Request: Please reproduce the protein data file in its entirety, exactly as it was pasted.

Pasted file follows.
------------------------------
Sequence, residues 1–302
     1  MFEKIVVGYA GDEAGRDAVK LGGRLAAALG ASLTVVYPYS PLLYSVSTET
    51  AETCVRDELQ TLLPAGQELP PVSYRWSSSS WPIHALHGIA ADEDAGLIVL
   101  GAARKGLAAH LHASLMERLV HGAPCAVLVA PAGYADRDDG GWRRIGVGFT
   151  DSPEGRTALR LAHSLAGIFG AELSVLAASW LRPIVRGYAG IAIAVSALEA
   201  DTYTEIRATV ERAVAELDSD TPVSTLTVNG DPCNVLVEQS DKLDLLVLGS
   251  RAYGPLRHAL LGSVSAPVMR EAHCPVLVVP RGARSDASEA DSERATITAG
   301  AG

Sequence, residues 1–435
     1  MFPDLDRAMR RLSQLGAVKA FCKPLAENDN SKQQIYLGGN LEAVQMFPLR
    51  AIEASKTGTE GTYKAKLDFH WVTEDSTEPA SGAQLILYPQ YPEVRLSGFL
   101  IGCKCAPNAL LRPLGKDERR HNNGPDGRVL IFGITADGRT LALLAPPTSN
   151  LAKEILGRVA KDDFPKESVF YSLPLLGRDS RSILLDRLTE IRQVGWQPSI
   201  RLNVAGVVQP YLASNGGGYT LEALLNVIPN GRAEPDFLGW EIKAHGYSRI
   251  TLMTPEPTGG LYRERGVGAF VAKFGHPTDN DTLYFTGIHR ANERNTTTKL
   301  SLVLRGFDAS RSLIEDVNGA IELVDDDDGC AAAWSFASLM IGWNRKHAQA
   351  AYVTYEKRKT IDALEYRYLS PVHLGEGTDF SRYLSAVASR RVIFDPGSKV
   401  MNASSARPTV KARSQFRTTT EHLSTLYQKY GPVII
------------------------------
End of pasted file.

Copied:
Sequence, residues 1–302
     1  MFEKIVVGYA GDEAGRDAVK LGGRLAAALG ASLTVVYPYS PLLYSVSTET
    51  AETCVRDELQ TLLPAGQELP PVSYRWSSSS WPIHALHGIA ADEDAGLIVL
   101  GAARKGLAAH LHASLMERLV HGAPCAVLVA PAGYADRDDG GWRRIGVGFT
   151  DSPEGRTALR LAHSLAGIFG AELSVLAASW LRPIVRGYAG IAIAVSALEA
   201  DTYTEIRATV ERAVAELDSD TPVSTLTVNG DPCNVLVEQS DKLDLLVLGS
   251  RAYGPLRHAL LGSVSAPVMR EAHCPVLVVP RGARSDASEA DSERATITAG
   301  AG

Sequence, residues 1–435
     1  MFPDLDRAMR RLSQLGAVKA FCKPLAENDN SKQQIYLGGN LEAVQMFPLR
    51  AIEASKTGTE GTYKAKLDFH WVTEDSTEPA SGAQLILYPQ YPEVRLSGFL
   101  IGCKCAPNAL LRPLGKDERR HNNGPDGRVL IFGITADGRT LALLAPPTSN
   151  LAKEILGRVA KDDFPKESVF YSLPLLGRDS RSILLDRLTE IRQVGWQPSI
   201  RLNVAGVVQP YLASNGGGYT LEALLNVIPN GRAEPDFLGW EIKAHGYSRI
   251  TLMTPEPTGG LYRERGVGAF VAKFGHPTDN DTLYFTGIHR ANERNTTTKL
   301  SLVLRGFDAS RSLIEDVNGA IELVDDDDGC AAAWSFASLM IGWNRKHAQA
   351  AYVTYEKRKT IDALEYRYLS PVHLGEGTDF SRYLSAVASR RVIFDPGSKV
   401  MNASSARPTV KARSQFRTTT EHLSTLYQKY GPVII